Wednesday, June 1, 2016

The Eye Socket Of Death

“So many of these poor dead people spent their whole lives placing their faith in God, thinking that there’ll be this bright shiny light when they die. But after their last breath, the moment the shiny light is supposed to be there, it isn’t. But they’re dead, and they don’t know that the light isn’t there.”
-Marcy, from the novel Save Me, Rip Orion


My three-year-old son Uri is playing in the backyard. He is scooping pebbles with a gardening shovel, dumping them in his toddler-sized wheel barrel, pushing the wheel barrel across the yard, and then dumping the pebbles into a heap. He does this again, and again, and again. "Uri," I say, "are you having fun?" He smiles and says yes. I understand that had I been doing the same activity at this point in my life I would not be having fun. Shame. I'd quickly get bored doing something so mindless, so trivial, and so primitive. Surely I engaged in such childish activities as a three-year-old, and had a helluva blast. I come to a sudden depressing realization that I'll never again enjoy scooping, transporting, and dumping pebbles. Those days are gone. A part of me died a long, long time ago and I never even knew it.

Do you care what happens to your body when you die? Yes, you get to chose what happens to your body. Weird, huh? You can't chose where you toil 40 hours a week or where your tax dollars go in life, but yes, you get to chose the fate of your corpse. Your eventual lifeless clump of tissue in an immaculately hemmed suit could be buried with so many others on a hill,* or blasted into the emptiness of space, or placed atop the Festivus pole on the front lawn of City Hall.

So what? You’ll be dead when any of it happens. 

That the living—some of them, anyway—actually concern themselves at all with the fate of their corpses flummoxes me. You can’t take it with you. (Spoiler alert: You ain’t going anywhere, anyway.) That a lifelong patron of, say, G-Strings Gentleman’s Club would dictate in his will that his cremains be scattered on the stage seems a little bit too forward thinking. Guess what, Chuck, you’ll be too dead at the time to enjoy your final pussy romp. Besides, don’t you think you’ve already spent too much of your life splayed on that grimy stage?

Better yet, Chuck should request that a folded bill be wedged between his buck teeth during his open-casket viewing.** “Ol’ Uncle Chuck. He is in death as he was in life…perverted.”

My body? Once I die, I'm just a prop, like a toy gun or a friggin' vase. I'm an oversized paperweight. That's life…a countdown to becoming a paperweight. Perfect! Use my corpse to hold down reams of insurance claims.

The humanity in me says I should chose to be harvested for parts. Give my guts to the suffering. But the practicality in me doesn't care. I won't be around to receive thanks from she who my kidney saved, or to know the pleasure that accompanies prolonging a life. So have some fun with my leftovers, I suppose. Put my body in a giant catapult at the fountain at Point State Park, point me toward Oakland and then let 'er rip. Take bets that I'll clear the skyline. Imagine the sheer wonder in the eyes of an innocent child when my flaccid corpse bounces off the US Steel Building or lands atop an uptown fire hydrant. Shoot a hole in my forehand then toss me into the Ohio River so my waterlogged body washes ashore on the banks of some Appalachian burgh miles downstream. The locals will have something to ponder besides whether the meth fairy will leave a stash under the pillow, or maybe, just maybe, the coal miner's daughter is in the mood for a redneck gang bang. Or, I could be utilized as a hood ornament on the Just Ducky Tours aquatic vehicle. "If you look to the left of the bloated carcass you'll see the historic Allegheny County Courthouse, completed in 1888." Hang me by my feet above the buggy tracks at Ghostwood Manor at Kennywood. The stench of rapidly aging death will add to the authenticity.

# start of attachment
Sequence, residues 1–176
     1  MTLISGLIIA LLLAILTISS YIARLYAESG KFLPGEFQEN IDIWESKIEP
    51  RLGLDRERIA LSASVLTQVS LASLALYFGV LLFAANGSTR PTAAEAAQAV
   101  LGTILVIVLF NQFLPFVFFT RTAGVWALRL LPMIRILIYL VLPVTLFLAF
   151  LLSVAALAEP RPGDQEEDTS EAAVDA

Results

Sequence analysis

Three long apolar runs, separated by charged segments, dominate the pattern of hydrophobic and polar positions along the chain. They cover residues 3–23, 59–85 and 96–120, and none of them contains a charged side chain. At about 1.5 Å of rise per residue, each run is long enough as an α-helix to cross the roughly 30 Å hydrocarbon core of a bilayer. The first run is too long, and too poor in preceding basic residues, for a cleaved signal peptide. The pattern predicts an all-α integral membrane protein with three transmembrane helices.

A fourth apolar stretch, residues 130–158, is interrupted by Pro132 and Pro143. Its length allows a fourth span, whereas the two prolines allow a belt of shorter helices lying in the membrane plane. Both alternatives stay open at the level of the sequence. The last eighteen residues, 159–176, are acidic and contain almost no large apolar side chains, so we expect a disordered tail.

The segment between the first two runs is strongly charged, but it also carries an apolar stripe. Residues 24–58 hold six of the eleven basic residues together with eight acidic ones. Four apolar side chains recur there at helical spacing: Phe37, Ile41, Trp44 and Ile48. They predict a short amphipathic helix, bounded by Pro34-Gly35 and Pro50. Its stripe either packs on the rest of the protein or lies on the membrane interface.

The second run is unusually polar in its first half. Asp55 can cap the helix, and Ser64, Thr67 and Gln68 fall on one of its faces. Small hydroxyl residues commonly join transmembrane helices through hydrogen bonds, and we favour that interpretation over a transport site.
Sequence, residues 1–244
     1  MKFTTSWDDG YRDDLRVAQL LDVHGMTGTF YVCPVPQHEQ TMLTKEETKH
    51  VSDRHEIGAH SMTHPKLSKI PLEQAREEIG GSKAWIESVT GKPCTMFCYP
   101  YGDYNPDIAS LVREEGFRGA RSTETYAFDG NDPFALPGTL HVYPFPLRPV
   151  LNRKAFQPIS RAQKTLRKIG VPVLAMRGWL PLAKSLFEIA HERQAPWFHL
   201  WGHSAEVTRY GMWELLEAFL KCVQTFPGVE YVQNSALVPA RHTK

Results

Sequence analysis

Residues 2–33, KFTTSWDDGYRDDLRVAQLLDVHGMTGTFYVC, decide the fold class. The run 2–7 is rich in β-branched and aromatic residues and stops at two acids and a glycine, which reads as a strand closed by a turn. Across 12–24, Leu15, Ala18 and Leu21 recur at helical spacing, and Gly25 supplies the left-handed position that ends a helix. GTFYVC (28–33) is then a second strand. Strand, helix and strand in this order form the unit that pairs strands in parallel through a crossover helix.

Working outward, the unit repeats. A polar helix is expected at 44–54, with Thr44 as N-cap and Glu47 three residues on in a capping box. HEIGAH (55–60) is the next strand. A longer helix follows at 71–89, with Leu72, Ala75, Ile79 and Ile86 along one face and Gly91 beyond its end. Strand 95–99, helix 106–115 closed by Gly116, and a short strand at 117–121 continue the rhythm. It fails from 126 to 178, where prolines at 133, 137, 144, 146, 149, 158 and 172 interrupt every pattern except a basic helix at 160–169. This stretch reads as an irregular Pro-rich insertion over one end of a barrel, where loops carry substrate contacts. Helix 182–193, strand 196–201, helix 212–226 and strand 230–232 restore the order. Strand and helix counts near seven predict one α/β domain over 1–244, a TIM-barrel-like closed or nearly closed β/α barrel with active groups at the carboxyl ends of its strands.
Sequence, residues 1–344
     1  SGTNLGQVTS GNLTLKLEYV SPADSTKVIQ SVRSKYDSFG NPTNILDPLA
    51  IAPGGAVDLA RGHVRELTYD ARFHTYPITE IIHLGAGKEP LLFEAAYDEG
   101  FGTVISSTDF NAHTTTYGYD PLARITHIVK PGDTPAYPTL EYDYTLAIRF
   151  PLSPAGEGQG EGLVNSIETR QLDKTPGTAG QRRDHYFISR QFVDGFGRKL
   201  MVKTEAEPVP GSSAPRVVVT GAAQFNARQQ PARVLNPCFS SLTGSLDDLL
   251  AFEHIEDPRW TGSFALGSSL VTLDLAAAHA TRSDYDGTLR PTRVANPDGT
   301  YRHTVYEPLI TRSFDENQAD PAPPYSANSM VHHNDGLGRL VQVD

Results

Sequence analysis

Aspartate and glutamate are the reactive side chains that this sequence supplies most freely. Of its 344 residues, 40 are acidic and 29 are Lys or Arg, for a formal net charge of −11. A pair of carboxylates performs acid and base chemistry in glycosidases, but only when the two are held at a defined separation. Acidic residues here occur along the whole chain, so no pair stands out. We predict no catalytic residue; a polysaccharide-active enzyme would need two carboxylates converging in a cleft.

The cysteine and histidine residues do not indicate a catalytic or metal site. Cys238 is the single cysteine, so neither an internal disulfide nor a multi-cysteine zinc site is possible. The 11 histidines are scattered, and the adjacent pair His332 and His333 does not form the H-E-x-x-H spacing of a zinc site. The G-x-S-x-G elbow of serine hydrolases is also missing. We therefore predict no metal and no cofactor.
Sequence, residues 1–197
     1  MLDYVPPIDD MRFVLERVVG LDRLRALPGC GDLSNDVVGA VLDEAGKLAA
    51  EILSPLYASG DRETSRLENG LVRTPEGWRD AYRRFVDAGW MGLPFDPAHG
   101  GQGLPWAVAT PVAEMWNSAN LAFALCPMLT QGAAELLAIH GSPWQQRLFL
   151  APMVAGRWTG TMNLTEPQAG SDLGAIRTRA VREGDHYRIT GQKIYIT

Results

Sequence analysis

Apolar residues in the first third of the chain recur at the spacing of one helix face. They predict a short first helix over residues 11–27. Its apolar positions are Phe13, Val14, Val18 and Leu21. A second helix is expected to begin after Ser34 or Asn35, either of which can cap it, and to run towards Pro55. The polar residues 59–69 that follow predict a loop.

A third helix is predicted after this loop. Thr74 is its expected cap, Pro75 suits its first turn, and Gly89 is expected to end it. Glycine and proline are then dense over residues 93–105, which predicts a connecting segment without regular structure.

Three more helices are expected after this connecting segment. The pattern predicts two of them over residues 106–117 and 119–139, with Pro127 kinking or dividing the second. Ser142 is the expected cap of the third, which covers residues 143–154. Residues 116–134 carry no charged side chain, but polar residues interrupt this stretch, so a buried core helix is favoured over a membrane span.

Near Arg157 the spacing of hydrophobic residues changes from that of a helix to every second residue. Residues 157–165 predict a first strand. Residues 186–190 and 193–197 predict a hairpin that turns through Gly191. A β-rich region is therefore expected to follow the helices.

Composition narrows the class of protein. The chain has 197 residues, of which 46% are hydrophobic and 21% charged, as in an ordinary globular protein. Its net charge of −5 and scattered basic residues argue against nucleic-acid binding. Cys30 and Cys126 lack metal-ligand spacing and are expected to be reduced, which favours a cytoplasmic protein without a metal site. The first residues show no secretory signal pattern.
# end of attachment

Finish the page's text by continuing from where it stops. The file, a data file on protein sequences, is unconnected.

As for my soul? That's mine forever to frolic in the Enchanted Lollipop Kingdom with the souls of others who sincerely believe in the everlasting Lord Tootsie. His name be praised, and His sweet, sweet torso be licked forever and ever.

*Seriously, don't bury me in a dreadful cemetery next to, say, Kurt and Judy Turnheir. I deserve better, and so do the Turnheirs. What an arcane and barbaric conceptdesignating an expanse of Earth as a cadaver junkyard. Isn't it time to mature as a race and convert cemeteries into water parks?  

**Viewings! Ugh! What's worse than an assortment of grim and solemn people waiting in line, like at the breakfast buffet at Denny's, to blubber over (or gawk at, if you're under the age of 12) Aunt Gertrude, who's caked in three (more) inches of makeup? The humanity! 

I don't want to grow old with you. I'd rather us die together in a hail of revelry before receiving a single spam email from AARP. And when Death does disrupt a feral rumpus in the late August riverside overgrowth, we'll accept what has come. We will. He'll move to tap us on the shoulders—gently, like a loving mother with a terrible secret—but we will laugh. We will. When he tilts his head—puzzled—we wallop him with beached driftwood. He never sees it coming. His ribs pop like firecrackers under his dark black robe. He drops his sickle among the briars and collapses, hard bones on squishy moss. We laugh, louder still, and lord above the felled intruder. He wheezes dust as we slide his hood backward. He feels it crawl, millimeter by millimeter, atop his head. I squeeze your hand. You squeeze back. Then I skull fuck the bugger. The touch of death—we die—my dick in the eye socket of Death.

We leave outta' here on our terms. That's right.


I am alive. I am alive. You are too.

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